Cities all over the world are beginning to understand the impact of urban migration to large city centres. This is true not only for the developed world, but for populous communities in developing parts of the world including Asia, Latin America, India and Africa. According to a paper published by the New Climate Economy initiative, 22 million people are added to Africa’s cities every year, and it is estimated that 1.34 billion people will be living in African cities by 2050.
The demand of the inner city population is influencing the more interconnected approach to city development. Therefore, the transition to resilient, sustainable, smart green cities has become a pivotal development area upon which many have based current and future social and economic plans. Global consultancy firm and certification body DNV GL, describes a smart green city as one that maximises liveability for all its inhabitants and takes into account the need for sufficient resources to accommodate more people. Green, public and open spaces, a sustainable economy, efficient transportation and traffic planning, clean air and water, smart sewage and waste management, robust social infrastructure and health, IT and telecoms, adequate energy and climate change mitigation strategies and resilience are all characteristics of a smart green city.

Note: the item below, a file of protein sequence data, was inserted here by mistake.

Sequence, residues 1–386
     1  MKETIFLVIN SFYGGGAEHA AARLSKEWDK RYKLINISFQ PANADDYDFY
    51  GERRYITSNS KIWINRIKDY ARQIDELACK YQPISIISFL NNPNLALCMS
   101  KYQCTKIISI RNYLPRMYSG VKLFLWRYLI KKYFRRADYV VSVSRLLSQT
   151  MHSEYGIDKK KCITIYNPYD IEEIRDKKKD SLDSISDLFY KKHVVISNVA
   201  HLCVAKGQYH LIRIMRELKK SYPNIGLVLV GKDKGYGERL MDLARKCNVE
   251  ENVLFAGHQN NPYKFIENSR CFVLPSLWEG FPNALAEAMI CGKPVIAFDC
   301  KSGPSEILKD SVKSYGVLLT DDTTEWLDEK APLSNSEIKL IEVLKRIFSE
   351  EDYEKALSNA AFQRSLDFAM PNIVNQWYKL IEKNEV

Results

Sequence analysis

The firm asserts that a ‘smart power system’, which integrates information and communication technology (ICT) into T&D networks and end-user appliances, underpins ‘any vision of a smart green city’. It adds that intelligent power systems, enabled by ICT, helps increase the efficient use of energy to smooth out demand peaks so that there is sufficient power to meet demand. Smart technologies, such as advanced meter infrastructure, while still a nascent technology in Africa, are often accompanied by new business models. These include real-time variation of electricity prices, such as time-of-use (ToU) pricing to match current demand and utility billing contracts that offer users savings for agreeing to demand-response conditions.